I realized I could probably do the same thing with this car if I could figure out the maximum number of people I could get around it to lift it up and turn it around. The party consisted of refreshments, including alcohol. We were having a good time and then I got them all lined up, worried like hell that they wouldn’t be able to do it for some reason, but sure enough, when I gave the command, up it came. Once that was done, there was still a lot of work to get it right. I had to redo the controls, all sort of things, but at the same time, I knew I was going to pull it off. It took another couple of weeks, then I drove it out of there.
DM: After witnessing human power in Vietnam, and using that experience to create the backwards car, it seems to lead up to the pedal cars you’ve been doing since you moved to Long Beach. How did those start?
I couldn’t find anything so that’s when I started to seriously work on building and designing a pedal car that was safe and as useful as a bicycle, but wouldn’t need the balance of a bicycle, and would have utility and protection from the weather, and visibility so people could see you. I then spent several years in Santa Fe. It took me a while, but I finally got two or three different pedal car designs. In particular, one I’m still using for transportation that’s got over 35,000 miles on it in about 18 years of riding. It’s not that impressive when you think of it, but I haven’t had a scratch since then. It’s safe. It does what I need to do. It’s fun to ride. It holds other kinds of stuff.
I was always fascinated with Burning Man. So, when I was in Santa Fe I managed to track down this car somebody had bought, a very small ’72 Honda sedan, for a couple hundred dollars. It was the first time they imported Hondas and it was very little. The body was perfect on it, but it didn’t run. The engine had been taken out. I went back to the sketchbook and made drawings of how I was going to do it and what it was going to look like. I talked to the editors at Car & Driver about possibly taking it to Burning Man, so they gave me some money in advance and I went ahead and constructed it. It was a two-passenger… Both the passenger and the driver can pedal it—I had gotten totally into recumbent bikes and so I made it recumbent.
So, I built this thing and it worked well around Santa Fe. I took it to Burning Man in 2006 for 10 days. A friend of mine and I rented a U-Haul and put it in the back and lived in the U-Haul up there. During the day, I was on assignment from Car & Driver to pedal around and photograph bizarre vehicles I saw and interview the owners. That car now is in the Audrain Automobile Museum in Rhode Island.
DM: You’ve spoken before about nostalgia, memory, and the utility of looking back, but not wanting to be captured by the past—wanting to always be moving forward. What are your thoughts on nostalgia and legacy?
PG: Well, all the things I’ve been through, from 1942 forward, are like sound bites of knowledge. They’re resources just filed away that I can play with. I can pull this out and mix it up with that, or I can just use it randomly and whimsically. I don’t want to look back. I just want to use these resources. One of the advantages I have now is that I’m really immature in a lot of ways. I never did anything to grow up. I never owned any property or had any kids or worked in a situation where other people were under me or any of that. It’s all just been completely solo. But suddenly now, this machine that I live in… that’s one of the devastating things that I’m having to deal with now because I’m in a holding pattern—I’m trying to break through this and get back. It’s like there’s another version of me that’s floating around right next to me and I can’t get them together. It’s like being dead and alive at the same time.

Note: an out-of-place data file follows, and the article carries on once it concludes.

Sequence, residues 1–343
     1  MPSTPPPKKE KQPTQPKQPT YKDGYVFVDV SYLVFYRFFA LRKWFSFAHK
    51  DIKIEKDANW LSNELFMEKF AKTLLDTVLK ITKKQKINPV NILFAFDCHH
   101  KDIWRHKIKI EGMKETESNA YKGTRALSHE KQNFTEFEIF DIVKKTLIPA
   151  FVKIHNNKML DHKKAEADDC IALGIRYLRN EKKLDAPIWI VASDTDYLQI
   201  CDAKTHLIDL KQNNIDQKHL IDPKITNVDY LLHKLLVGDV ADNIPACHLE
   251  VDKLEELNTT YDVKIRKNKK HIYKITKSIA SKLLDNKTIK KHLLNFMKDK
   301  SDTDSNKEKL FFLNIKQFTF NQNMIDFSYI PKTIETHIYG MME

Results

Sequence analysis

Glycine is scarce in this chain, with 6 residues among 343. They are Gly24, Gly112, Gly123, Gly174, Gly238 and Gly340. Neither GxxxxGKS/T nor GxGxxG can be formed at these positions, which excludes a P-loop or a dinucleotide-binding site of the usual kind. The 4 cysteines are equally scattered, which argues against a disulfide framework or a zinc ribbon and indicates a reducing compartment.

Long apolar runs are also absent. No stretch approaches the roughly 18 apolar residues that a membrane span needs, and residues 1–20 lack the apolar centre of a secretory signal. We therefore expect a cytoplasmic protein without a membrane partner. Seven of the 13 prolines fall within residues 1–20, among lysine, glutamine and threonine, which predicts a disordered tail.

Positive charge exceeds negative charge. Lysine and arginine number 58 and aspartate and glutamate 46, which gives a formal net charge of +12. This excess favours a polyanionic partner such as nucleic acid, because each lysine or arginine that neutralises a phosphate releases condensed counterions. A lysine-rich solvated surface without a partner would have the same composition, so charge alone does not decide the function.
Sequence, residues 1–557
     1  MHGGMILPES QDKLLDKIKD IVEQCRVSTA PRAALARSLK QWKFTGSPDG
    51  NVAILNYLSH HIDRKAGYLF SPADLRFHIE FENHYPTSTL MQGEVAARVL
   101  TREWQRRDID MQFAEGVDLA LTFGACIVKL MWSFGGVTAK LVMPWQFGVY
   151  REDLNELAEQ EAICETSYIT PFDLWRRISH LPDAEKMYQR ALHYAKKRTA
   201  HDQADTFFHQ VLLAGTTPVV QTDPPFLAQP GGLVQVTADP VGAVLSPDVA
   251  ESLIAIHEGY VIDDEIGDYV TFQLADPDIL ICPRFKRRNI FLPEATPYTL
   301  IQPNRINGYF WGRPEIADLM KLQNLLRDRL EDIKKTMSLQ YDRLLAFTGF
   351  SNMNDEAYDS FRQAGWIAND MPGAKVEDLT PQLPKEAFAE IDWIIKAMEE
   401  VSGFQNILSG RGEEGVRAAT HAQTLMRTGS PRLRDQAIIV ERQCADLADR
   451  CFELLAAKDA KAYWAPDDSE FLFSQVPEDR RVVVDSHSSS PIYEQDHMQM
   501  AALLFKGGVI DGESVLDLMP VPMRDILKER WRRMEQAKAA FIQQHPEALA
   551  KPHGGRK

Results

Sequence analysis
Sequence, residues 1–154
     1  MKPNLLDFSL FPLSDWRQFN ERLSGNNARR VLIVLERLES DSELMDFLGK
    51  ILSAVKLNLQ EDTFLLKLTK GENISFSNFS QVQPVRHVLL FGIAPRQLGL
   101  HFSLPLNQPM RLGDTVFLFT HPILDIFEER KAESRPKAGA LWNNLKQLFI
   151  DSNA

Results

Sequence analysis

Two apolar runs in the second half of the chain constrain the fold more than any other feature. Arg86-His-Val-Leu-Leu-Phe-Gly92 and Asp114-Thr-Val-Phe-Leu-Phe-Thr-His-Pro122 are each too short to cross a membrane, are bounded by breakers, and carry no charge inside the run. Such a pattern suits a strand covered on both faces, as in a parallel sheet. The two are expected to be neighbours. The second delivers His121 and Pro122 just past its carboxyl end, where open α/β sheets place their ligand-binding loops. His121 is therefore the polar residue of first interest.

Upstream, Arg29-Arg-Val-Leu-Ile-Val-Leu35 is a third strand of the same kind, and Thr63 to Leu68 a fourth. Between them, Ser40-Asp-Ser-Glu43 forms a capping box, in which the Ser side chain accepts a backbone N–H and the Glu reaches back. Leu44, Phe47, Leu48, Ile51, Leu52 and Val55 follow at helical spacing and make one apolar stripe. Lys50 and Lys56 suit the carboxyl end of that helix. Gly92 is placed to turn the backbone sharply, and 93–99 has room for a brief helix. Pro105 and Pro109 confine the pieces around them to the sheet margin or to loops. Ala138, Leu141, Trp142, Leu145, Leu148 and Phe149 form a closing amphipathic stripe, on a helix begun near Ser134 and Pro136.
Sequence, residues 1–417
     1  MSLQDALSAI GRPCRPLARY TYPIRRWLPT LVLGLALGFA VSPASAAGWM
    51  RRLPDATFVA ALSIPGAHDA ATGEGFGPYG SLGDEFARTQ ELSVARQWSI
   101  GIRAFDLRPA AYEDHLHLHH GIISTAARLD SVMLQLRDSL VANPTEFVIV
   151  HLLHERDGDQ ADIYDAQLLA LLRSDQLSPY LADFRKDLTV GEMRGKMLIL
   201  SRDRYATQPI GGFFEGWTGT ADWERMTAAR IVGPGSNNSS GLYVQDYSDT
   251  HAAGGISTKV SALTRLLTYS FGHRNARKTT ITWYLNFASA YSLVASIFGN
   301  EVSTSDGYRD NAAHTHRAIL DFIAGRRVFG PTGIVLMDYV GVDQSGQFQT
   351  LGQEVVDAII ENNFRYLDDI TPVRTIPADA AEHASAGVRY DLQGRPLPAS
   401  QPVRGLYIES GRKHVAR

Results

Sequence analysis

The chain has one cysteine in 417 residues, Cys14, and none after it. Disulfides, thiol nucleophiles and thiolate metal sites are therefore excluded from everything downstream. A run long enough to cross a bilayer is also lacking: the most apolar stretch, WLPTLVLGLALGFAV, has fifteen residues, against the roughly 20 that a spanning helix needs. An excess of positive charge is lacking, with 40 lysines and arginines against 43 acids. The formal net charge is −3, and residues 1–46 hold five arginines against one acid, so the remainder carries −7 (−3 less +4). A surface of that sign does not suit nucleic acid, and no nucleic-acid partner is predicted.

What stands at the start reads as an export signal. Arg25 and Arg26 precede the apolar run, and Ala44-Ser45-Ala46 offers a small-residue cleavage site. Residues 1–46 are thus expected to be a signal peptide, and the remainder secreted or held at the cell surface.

When I look in the mirror, I think of myself as kind of an appliance. I didn’t ask to be six foot two, honky, genetically male, middle class, any of that. It’s just how I landed on earth. And so in a sense, I’m detached from my physical entity as it’s just another thing that I can use and have fun with.11 My sense of the past is fragmented like that. I don’t feel like I have a past, myself, really. I can read about the past and I can cite specific events and interests and circumstances that I’ve been in, but what I want to do is filter something new out of that. Especially now, this age we’re in is so transitional. It seems to me maybe all ages are and it goes on forever, doesn’t it? We’re all just one frame of an endless film. What happens is irrelevant really, whether I die tomorrow or have another last blast of a couple years and can turn out some more things that are in some new way mixing my experiences and my interests. It doesn’t really make any difference. I’ve already put in 80 years, which is an awful lot for a cancer patient. So I’ve been cheating time.
To get this much creative time out of a system that’s already got a great defect in it… I think I shouldn’t ask for more, but of course I do. A couple more years would be great. I want to play with things and mix them up and I don’t want to have wisdom. Wisdom seems heavy, like an anchor. Sound bites of knowledge are what seem more appropriate to me—a little flash here and there… And again, a lot of it doesn’t work. A lot of the stuff I’ve done is terrible, but it’s just been a long time, so I’ve managed to come up with a good range of things that were successful. But there’s been an awful lot that I either trashed myself without showing anybody or that was somehow inappropriate or something didn’t work. That’s just the way everything works.
DM: In lieu of wisdom, is there some parting knowledge or advice you think you could impart to young artists and students, in terms of remaining an artist for the long haul?
PG: I don’t know. I don’t feel much different usually when I’m talking to people that are younger. Most friends of mine are in their thirties. I never have a sense of being a senior to them, really. I just have a lot more knick-knacks, fragments, pieces of stuff floating around in my head. So I don’t see it as much as a transition from one generation to another. I don’t know—I never have any sense of having achieved something that I could pass on as it was.
DM: Well, I think it’s there whether you’re aware of it or not. It’s not something that you can help but possess after this much time.
PG: I might try to sabotage it if I knew that.
DM: I know the feeling.
PG: Yeah. Get rid of it and get back to zero again. One of my themes is that nothing exists that wasn’t there in the first place.